MACKIE: So, we are not going to reveal in this conversation how things exactly went for you in the show. Folks can watch if they’re interested. But I do have to ask about what it was like to climb in front of Chris Sharma, who is widely considered to be one of the best rock climbers in the world. You know, what was it like to essentially try to perform your best in front of him? He’s one of the creators and a judge on the show.

BURNS: I think at first when I first met him, I was kind of nervous and everything. But honestly, I feel like I’m a somewhat laid back person. And so it was really awesome to get to climb in front of him. After meeting him the first time, it didn’t really, like add any pressure. In fact, I honestly think climbing in front of Chris and climbing in front of [the other host] Meagan [Martin] and climbing in front of the other participants, I really like to have that energy when I’m climbing. I like when people are loud. I like when people are cheering me on. And so, I think just like the more people that were there, even if they’re important people, you know, it just kind of like, makes me climb better. I think I just operate well underneath that pressure.

MACKIE: Yeah. And Meagan, who you mentioned, Meagan Martin, is another professional climber and judge on the show. I will say as a climber myself, that part felt really authentic – watching how the climbers and the competitors, you really supported each other and everybody was cheering each other on, even when you were maybe competing against each other, you know, in an elimination climb. Does that ring true to you? I mean, it seemed like a nice community.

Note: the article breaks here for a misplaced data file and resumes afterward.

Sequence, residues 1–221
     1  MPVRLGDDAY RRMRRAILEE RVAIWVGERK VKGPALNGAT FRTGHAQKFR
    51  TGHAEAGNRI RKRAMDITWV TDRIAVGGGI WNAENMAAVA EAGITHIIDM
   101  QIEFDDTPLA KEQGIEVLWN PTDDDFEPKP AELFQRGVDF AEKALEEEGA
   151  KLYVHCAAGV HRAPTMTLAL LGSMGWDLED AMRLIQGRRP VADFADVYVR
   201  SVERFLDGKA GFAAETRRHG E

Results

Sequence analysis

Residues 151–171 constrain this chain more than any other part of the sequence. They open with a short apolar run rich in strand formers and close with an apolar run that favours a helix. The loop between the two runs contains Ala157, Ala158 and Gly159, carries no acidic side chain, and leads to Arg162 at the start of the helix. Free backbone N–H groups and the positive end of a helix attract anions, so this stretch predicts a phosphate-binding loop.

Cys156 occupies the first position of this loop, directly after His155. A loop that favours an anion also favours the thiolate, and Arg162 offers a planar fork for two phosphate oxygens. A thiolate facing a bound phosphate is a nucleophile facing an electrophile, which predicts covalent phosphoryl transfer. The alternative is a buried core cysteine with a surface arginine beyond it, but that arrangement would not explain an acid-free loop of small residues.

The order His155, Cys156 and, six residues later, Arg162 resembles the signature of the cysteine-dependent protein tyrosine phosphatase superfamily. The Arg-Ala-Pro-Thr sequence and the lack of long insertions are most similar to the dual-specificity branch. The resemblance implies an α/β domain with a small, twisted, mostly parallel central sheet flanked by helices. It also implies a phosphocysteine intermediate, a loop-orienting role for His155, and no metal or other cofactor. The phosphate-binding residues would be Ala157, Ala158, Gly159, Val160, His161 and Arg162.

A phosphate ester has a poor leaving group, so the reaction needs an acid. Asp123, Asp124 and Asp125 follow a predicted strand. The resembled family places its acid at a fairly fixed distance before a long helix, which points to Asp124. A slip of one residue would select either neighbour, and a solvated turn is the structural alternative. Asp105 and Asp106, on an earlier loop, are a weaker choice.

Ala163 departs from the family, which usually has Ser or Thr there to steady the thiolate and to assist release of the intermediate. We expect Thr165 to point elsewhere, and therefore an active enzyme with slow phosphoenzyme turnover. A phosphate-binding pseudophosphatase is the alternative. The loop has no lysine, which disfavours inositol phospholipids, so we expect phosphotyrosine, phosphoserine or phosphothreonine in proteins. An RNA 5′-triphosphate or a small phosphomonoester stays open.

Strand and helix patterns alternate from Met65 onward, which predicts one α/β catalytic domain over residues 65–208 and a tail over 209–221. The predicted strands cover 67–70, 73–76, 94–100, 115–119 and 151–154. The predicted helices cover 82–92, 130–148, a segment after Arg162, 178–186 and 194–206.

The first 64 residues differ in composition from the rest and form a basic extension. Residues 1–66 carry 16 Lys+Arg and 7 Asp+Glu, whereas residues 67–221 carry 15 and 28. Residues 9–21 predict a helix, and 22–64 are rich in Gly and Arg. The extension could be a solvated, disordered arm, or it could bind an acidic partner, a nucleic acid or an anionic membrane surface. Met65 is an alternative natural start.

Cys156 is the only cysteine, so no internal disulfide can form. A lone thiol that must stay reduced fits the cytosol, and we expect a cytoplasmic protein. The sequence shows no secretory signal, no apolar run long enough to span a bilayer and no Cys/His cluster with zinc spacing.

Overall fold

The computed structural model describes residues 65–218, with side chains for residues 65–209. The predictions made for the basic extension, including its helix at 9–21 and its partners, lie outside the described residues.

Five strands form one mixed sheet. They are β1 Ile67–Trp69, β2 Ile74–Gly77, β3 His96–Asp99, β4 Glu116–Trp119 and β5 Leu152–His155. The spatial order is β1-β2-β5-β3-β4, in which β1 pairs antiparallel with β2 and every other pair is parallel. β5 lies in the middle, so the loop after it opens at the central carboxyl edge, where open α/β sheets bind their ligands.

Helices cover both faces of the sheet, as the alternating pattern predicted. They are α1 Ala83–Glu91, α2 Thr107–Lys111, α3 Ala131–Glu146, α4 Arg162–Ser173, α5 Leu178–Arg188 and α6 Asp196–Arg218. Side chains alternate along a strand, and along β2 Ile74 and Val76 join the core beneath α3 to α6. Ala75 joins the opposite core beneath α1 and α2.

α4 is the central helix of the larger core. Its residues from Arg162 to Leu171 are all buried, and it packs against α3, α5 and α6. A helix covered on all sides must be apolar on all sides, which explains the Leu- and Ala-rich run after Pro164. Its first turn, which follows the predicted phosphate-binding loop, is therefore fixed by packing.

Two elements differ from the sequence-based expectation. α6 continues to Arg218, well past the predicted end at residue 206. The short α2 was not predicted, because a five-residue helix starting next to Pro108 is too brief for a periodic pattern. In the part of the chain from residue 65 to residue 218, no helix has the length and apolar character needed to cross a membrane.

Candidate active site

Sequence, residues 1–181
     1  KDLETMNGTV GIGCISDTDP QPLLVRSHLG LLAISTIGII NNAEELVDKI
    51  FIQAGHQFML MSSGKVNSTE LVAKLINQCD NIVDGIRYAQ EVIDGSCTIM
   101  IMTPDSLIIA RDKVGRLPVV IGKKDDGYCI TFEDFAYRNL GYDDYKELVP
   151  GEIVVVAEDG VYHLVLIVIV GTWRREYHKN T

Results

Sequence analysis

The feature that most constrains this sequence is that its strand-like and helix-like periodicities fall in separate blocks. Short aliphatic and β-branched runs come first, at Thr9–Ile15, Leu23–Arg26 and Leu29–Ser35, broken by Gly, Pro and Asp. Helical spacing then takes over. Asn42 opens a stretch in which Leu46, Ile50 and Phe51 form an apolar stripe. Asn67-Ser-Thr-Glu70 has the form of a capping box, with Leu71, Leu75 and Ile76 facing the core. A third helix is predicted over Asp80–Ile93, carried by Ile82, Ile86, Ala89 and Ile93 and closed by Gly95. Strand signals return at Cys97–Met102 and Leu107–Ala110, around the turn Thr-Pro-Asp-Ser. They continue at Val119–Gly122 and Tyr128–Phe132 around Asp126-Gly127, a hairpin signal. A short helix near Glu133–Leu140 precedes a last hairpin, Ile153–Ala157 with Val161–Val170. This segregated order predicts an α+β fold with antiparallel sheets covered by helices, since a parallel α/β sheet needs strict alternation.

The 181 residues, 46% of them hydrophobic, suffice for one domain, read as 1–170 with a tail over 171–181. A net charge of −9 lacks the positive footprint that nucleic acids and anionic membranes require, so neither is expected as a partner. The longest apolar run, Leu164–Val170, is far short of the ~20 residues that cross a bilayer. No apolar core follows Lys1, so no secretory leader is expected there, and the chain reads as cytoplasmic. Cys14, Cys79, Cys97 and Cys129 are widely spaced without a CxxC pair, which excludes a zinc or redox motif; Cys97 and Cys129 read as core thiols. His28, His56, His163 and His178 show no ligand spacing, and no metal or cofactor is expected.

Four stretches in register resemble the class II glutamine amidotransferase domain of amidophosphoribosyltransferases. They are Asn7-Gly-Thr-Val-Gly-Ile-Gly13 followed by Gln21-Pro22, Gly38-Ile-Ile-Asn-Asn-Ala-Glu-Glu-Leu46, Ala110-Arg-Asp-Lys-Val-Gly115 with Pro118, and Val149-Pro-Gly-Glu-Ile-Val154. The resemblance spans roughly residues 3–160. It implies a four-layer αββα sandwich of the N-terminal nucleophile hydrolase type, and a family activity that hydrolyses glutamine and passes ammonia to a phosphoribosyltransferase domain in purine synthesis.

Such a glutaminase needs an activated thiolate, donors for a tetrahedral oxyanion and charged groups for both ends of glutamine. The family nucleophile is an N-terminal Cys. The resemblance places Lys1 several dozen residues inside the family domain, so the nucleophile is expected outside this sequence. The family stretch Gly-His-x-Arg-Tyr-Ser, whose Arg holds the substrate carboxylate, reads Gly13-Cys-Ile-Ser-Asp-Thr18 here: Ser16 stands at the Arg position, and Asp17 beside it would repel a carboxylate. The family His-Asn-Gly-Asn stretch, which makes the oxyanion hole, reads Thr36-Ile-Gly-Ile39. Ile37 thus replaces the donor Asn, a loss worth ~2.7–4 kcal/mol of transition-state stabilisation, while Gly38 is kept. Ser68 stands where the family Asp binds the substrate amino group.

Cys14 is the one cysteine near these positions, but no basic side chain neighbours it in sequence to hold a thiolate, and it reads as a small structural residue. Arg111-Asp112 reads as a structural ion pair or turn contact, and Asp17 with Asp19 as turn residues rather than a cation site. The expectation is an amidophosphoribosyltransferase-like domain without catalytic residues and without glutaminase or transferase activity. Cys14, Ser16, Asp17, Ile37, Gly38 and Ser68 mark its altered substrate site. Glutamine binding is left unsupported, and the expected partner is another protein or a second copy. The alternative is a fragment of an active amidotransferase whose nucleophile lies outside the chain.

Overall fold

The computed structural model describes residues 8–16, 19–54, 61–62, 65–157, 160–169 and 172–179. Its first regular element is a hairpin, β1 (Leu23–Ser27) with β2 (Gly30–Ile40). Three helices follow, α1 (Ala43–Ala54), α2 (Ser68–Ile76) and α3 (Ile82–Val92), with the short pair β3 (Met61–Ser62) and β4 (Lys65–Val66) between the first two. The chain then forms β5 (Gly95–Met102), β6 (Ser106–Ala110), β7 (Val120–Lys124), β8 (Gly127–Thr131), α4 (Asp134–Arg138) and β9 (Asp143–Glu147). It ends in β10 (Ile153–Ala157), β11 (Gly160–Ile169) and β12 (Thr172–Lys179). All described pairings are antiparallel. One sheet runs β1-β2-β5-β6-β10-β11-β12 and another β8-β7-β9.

BURNS: Yeah, 100%. I think that’s what sets this reality TV show apart from other reality TV shows. We were 100% supportive of each other. Nobody wanted anybody else to go home. Like, everybody was best friends. I mean, we basically lived together for multiple months too. So, we all got along really well. And it really is a reflection of the rock climbing community because even though it’s an elimination competition, you know, rock climbing is a very individual sport. You’re not really competing against anybody else unless you’re, you know, doing comp climbing in gyms. It’s really about like you and your belayer and your friends going out there and like doing battle against the rock and having a good time, you know? And so, I think that shines through.

MACKIE: Well there’s lots of folks here in the Tetons who are climbers. And I wanted to ask you – I think at some point in the show, they showed a photo of you climbing in the Tetons, correct me if I’m wrong – but I wanted to ask you about your local climbing experience here in this part of western Wyoming and if you have any favorite Teton memories?

BURNS: Yeah. Oh, man. I love the Tetons for sure. The Grand Teton, I climbed – I actually have a tattoo of the Grand Teton on my back. It was like one of the first big missions that I ever went on. Although it’s like technically not that difficult, it’s a big mountain, you know, there’s weather and, yeah, it’s like a serious thing up there. My favorite Teton memory… we climbed the northwest ice couloir on the Middle Teton, which is like this 1,200-foot ice route kind of on the north face of the Middle Teton, which is adjacent to the Grand Teton. And you just get views of the Grand the whole time. And it was like the middle of July and we’re ice climbing. And it’s just beautiful. Yeah, just great memories all around out there.

MACKIE: I understand you’re also president of the Bighorn Climbers’ Coalition, and that group keeps an eye on climbing issues in the Bighorn Mountains and [Bighorn] Basin, which includes popular climbing areas like Ten Sleep [Canyon]. What kind of things have you been working on? What kind of issues have come up in that role?